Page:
A book titled Leo Strauss and his Catholic Readers might initially seem strange. Is there common ground between an apparently non-believing Jewish political philosopher and a handful of believing Roman Catholic political philosophers? This volume demonstrates that the faithful Catholic does share a range of common goals and interests with Strauss. To name just a few, there is a shared belief in natural standards of the just and the good, a deep interest in the relationship between faith and reason, and a faith in reason’s ability to transcend its own historical context and arrive at enduring truths.

While Strauss himself is dead, his words and influence live on in his works, his students, and his thoughtful readers. One is reminded of what Adams said to Jefferson when they famously renewed their correspondence in retirement. It is the belief of this impressive crop of scholars that Roman Catholics and Leo Strauss ought to explain themselves to one another. The result is a treasure trove of reflections on a range of themes in Strauss’s thought, accompanied by explanation of the areas of agreement, and a careful, charitable explanation of Catholics’ reasons for disagreement.

The book is a collection of essays, bringing together the work of an impressive array of scholars. It is divided into three parts. Part one revolves around themes connected to Strauss’s recovery of natural right and his qualified appreciation―but ultimate rejection―of Thomistic natural law. It includes Robert P. Kraynak’s wide-ranging essay on reason and faith in Strauss, V. Bradley Lewis’s account of Charles N.R. McCoy’s engagement with Strauss, Geoffrey Vaughan’s defense of Strauss’s worries about the rigid and idealistic features of natural law, Marc Guerra’s comparative study of Strauss and Benedict XVI, and Douglas Kries’s study of Fr. Ernest Fortin’s encounter with Leo Strauss.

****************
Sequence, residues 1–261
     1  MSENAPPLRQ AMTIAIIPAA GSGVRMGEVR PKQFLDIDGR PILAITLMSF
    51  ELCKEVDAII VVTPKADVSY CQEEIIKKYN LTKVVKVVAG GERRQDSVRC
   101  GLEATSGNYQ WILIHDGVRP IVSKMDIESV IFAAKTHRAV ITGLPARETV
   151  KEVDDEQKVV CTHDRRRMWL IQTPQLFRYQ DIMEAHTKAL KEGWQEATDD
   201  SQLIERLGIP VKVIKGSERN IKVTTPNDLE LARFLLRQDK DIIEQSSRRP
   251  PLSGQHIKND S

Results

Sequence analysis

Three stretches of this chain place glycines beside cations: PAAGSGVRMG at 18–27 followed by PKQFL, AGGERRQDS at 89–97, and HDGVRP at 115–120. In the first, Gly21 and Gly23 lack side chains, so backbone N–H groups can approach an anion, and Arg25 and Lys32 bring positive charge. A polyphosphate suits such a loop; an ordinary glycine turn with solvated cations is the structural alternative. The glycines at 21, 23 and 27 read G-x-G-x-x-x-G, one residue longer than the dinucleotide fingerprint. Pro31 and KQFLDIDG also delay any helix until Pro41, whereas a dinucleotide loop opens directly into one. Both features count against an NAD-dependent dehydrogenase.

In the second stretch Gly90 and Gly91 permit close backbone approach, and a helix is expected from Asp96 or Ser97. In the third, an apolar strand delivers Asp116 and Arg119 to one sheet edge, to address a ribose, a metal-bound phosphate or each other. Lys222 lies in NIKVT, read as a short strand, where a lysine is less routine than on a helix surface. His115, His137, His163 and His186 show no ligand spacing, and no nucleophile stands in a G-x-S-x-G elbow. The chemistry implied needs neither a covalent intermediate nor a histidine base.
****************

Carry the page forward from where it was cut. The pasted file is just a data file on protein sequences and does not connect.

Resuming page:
Part two brings together essays exploring common concerns of Catholics and Strauss. Gladden Pappin explores how A.P. d’Entrèves, Charles McCoy, and Yves Simon thought about the relationship of philosophy to society in comparison and contrast with Strauss. John Hittinger analyzes a lecture Strauss gave at the Jesuit University of Detroit and finds useful lessons for Catholics. Carson Holloway rereads Strauss’s lecture “Progress or Return” and defends a Catholic approach to the theologico-political problem. Gary Glenn contends Catholic natural law has a flexibility akin to natural right. J. Brian Benestad’s essay wraps up this section with a Straussian critique of historicist Catholic theology.

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Part three is titled “Leo Strauss on Christianity, Politics, and Philosophy.” Giulio de Ligio reflects on the relation in Strauss’s thought between politics and philosophical investigation. In one of the most interesting chapters, James R. Stoner argues that Strauss accepted classical teleological metaphysics as a true account of nature. Philippe Bénéton brings Strauss into dialogue with Pascal. Finally, Ralph C. Hancock (the only non-Catholic contributor) explores Strauss’s critique of Christianity.

There is a substantial overlap in the themes explored across the sections of the book. Sometimes a chapter can feel quite different from the others with which it is grouped, and one could make a case for ordering the chapters differently. There also are arguably some gaps in what the book covers. For example, readers might want to see more engagement with the work of Fr. James Schall, who is correctly said to be “preeminent” among the Catholic readers of Strauss.

Still, both believing and non-believing students of Strauss will find this book rewarding. Most will agree with Hittinger that “the challenge to read political philosophers in a fresh, non-derivative way” is perhaps Strauss’s greatest legacy. In its own fresh, non-derivative reading of Strauss and his interlocutors, this book contributes to repaying the debt Catholic political philosophers owe to Strauss for the revival of political philosophy.